Think back to that day when you got your first library card. Do you remember it? Were you about five or six? Did you feel really important that day? Almost like an adult?
In our recent study of library users, we found that there were a lot of different things that adult respondents remembered from their childhood library experiences. But some of the most vivid memories revolved around receiving their first library card.
Why? Because the library card is empowering. It opens the door to different worlds, to far-flung lands and distant planets, to tales of heartbreak and joy. It also conveys responsibility and maturity, and makes a young library user feel important and like an adult (just like mom and dad!). As one respondent shared with us:
“. . . the kindly Librarian . . . asked me to sign my name on a form--a first--and she handed me the card, shook my hand, and welcomed me to the community of the world's readers . . . That card meant more to me than anything except maybe my bicycle and dog.”
Libraries do a pretty good job of making that first library card a special moment. Which has us thinking. What about museums?
A museum membership card is also empowering. It also opens the door to different worlds, to exploration, and to adventure. It also is a very adult thing to have in one’s wallet. But, generally, museums don’t give membership cards to children.
Which begs the question, why not? Imagine how important a child would feel, receiving that museum membership card. How adult they would feel, presenting it for entry (along with mom or dad, of course!). Picture them storing it someplace important, and fingering it from time to time. Consider the meaning that card would have for them, and how it makes them feel about museums in general, and your museum in particular. Look ahead 25 – 30 years in the future, and how museums might figure in their lives as adults.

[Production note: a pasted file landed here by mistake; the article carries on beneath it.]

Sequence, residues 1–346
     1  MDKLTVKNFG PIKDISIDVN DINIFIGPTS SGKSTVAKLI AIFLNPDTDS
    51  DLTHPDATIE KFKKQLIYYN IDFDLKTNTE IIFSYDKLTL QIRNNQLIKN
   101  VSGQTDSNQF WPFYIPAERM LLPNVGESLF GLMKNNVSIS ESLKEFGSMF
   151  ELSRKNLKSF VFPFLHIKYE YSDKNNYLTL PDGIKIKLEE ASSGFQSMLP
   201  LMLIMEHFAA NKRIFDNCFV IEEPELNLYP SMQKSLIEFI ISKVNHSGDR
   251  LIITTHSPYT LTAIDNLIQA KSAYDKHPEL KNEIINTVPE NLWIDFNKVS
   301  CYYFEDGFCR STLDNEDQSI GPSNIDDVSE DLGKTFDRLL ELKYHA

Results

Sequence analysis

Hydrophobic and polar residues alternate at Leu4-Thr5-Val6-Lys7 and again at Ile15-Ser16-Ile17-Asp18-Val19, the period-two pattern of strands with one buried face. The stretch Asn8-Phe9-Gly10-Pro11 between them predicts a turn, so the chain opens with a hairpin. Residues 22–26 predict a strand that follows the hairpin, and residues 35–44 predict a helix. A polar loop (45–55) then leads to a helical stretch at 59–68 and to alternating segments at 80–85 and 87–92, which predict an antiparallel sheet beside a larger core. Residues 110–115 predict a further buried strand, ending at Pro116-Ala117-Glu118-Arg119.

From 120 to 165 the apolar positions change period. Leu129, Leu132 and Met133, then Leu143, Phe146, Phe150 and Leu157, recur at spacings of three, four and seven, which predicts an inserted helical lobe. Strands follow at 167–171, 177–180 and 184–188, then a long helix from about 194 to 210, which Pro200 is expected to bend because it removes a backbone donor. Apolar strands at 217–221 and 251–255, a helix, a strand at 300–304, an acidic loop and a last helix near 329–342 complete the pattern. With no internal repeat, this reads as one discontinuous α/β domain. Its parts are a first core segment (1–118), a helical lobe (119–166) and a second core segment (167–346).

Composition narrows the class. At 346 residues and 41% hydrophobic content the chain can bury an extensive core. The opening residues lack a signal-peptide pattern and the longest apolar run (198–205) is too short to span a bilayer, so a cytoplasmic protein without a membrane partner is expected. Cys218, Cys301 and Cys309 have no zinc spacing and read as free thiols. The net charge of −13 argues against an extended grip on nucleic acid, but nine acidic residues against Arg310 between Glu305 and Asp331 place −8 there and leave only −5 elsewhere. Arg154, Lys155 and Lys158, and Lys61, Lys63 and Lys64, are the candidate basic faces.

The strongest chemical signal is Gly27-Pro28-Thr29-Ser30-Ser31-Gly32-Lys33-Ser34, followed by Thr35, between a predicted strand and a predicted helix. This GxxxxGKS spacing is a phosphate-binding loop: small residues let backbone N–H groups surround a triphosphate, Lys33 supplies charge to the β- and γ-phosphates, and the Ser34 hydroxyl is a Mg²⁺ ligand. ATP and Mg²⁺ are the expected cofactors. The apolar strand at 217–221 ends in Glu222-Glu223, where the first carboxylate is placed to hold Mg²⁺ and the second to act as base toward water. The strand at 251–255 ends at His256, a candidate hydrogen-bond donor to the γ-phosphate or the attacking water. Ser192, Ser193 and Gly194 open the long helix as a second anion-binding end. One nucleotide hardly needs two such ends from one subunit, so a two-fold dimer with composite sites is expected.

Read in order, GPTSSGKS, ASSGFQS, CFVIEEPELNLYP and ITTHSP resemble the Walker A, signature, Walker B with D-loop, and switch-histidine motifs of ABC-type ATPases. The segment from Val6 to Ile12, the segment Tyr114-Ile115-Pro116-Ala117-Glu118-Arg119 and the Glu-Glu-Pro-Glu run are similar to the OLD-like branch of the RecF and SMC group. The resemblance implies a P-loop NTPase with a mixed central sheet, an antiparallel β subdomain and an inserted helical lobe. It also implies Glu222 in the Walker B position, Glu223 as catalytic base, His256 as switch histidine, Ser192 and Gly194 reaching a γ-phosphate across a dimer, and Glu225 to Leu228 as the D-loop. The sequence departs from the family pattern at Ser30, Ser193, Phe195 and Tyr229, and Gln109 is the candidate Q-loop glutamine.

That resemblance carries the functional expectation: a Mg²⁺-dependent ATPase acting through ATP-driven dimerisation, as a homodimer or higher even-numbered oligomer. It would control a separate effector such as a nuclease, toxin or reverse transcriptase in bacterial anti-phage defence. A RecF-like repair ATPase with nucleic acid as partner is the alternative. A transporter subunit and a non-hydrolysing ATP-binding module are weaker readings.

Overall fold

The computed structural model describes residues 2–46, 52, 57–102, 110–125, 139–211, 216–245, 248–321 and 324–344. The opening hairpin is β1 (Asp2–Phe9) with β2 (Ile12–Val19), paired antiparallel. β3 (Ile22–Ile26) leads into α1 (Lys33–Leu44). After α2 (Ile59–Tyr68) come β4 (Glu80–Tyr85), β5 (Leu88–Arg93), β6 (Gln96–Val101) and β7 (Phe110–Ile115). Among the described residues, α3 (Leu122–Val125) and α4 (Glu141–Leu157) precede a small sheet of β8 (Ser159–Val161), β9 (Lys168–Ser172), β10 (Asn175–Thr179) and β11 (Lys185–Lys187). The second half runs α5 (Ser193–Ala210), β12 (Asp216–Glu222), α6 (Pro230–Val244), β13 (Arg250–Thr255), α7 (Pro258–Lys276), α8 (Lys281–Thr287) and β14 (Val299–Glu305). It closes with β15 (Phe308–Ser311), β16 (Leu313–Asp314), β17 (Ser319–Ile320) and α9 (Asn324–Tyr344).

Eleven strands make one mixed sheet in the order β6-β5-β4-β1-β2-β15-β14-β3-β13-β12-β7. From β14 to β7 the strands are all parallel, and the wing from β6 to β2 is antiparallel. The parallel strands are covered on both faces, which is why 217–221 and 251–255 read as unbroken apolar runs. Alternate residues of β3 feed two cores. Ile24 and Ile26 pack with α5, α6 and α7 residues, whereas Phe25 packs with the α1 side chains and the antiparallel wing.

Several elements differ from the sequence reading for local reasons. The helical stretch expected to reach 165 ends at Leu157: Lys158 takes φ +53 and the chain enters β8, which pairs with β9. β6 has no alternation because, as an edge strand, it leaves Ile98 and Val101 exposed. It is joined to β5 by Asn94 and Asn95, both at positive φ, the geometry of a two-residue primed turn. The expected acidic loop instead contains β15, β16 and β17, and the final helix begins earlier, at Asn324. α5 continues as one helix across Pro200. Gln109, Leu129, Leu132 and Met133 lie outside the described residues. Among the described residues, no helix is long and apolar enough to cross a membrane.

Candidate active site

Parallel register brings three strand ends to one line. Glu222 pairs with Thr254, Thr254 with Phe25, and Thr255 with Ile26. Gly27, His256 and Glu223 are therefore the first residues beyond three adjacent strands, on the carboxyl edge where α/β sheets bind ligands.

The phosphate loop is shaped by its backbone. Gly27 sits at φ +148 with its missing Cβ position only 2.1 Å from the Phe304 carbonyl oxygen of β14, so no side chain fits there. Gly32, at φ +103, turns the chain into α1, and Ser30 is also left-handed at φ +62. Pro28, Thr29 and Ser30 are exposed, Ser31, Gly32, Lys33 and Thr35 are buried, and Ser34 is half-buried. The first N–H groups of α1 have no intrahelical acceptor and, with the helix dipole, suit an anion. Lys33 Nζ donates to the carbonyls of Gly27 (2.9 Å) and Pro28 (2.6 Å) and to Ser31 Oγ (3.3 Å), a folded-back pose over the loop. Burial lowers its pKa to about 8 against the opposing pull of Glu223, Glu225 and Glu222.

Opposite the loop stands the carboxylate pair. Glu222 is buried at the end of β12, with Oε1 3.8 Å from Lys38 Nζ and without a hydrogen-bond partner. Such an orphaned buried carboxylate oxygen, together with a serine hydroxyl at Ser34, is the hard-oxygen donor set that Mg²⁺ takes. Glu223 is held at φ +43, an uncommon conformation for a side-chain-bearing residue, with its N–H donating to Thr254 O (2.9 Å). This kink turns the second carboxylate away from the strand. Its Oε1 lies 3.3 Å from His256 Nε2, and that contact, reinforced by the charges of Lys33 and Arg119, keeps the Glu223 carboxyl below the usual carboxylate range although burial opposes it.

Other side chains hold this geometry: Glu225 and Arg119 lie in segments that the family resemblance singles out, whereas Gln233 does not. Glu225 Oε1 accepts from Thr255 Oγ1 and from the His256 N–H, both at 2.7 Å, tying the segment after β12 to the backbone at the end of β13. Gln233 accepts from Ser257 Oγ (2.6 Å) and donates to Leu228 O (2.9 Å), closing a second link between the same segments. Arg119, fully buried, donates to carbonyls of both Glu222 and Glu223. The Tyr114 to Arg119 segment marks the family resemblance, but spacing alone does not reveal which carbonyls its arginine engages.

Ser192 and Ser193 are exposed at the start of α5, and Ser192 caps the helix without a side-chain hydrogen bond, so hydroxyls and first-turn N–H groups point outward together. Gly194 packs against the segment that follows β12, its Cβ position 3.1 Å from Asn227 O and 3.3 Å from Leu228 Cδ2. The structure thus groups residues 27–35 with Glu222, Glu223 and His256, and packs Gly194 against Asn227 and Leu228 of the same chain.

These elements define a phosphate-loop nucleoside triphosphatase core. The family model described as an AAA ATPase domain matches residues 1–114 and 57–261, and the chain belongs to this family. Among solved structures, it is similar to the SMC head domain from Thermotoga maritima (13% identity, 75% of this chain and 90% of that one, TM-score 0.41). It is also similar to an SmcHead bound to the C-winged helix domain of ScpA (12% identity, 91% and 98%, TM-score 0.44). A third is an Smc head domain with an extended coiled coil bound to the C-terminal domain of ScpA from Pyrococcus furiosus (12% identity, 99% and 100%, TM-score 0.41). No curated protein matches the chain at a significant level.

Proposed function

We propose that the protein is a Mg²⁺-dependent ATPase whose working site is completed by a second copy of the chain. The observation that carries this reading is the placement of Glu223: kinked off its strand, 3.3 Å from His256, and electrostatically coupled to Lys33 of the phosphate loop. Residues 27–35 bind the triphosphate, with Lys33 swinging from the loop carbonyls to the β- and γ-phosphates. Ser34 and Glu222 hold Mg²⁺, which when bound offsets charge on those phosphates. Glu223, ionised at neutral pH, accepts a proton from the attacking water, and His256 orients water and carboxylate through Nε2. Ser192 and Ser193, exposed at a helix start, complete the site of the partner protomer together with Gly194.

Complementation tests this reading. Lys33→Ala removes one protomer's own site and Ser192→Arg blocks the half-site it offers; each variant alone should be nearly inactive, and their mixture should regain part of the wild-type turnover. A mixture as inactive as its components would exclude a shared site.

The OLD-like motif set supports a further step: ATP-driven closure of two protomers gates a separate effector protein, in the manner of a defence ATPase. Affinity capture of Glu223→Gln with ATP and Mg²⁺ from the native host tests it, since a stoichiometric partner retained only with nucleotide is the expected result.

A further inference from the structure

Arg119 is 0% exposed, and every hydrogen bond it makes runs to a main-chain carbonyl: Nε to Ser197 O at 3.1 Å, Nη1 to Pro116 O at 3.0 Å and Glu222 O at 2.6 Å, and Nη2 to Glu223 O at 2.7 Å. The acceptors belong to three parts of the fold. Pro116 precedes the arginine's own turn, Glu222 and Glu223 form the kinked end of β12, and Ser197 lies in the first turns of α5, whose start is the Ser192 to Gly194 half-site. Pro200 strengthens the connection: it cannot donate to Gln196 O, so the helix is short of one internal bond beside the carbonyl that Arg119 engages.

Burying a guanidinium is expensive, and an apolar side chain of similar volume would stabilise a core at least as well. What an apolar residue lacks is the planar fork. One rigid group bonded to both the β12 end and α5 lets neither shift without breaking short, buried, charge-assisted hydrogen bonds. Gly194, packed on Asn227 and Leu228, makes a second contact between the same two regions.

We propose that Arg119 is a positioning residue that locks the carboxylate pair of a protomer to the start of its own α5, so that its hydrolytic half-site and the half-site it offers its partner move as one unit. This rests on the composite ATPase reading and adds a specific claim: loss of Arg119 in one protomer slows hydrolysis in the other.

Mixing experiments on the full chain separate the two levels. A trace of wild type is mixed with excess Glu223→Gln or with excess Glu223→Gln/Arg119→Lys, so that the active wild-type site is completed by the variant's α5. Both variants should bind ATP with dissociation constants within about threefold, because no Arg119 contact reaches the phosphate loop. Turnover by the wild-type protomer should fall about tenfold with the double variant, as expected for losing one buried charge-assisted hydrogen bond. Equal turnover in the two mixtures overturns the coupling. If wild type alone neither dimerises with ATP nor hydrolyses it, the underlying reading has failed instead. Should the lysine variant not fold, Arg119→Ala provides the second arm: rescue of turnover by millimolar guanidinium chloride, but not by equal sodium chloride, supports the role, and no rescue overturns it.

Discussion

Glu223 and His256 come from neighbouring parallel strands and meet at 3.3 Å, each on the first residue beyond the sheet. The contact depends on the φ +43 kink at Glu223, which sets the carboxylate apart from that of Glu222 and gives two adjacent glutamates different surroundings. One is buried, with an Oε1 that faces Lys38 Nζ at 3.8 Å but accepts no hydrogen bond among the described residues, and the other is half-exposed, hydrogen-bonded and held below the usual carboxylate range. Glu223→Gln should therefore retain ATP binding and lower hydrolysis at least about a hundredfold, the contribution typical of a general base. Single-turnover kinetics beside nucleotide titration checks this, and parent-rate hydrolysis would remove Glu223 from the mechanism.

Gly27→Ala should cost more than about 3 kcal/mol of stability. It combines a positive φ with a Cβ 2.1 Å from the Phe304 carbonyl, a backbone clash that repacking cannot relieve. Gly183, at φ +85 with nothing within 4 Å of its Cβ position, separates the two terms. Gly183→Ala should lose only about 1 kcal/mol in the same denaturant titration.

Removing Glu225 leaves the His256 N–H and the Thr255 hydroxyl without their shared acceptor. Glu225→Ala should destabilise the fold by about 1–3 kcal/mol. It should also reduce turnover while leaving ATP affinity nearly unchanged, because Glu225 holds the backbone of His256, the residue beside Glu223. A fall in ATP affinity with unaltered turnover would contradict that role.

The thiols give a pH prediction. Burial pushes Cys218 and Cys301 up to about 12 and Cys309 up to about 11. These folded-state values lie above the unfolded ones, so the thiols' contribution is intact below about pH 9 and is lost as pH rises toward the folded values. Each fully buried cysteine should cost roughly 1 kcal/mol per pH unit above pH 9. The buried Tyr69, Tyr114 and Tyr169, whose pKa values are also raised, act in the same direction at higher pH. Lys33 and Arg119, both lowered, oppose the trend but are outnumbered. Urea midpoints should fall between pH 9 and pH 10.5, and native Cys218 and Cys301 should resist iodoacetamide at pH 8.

There are a few museums that do give membership cards to children. It is easy to see how proud James’s children were a few years ago upon receiving their membership cards to the American Museum of Natural History (pictured). We’d just love to see more of these excited, and important, children at museums across the country.
(Oh – and there is a pragmatic benefit to giving membership cards to children. It is an easy way to find out the ages and genders of children in your member households, allowing you to target your programming even better.)
But here is another idea. Why limit membership cards to children of members? Why not start a program where any local child can become a museum member? For free. You don't have to mail them anything, you don't have to even record them in a database, and the card would only allow them into the museum for free, not their parents. It might be a cost-effective way to encourage more visits, generate goodwill, and create a special, and impactful, memory for a child.
Does your museum give membership cards to children? Why or why not? To share your thoughts, simply click on “comments” below. (If you are reading this from your e-mail subscription to the blog, please go to our blog's website to add a comment.)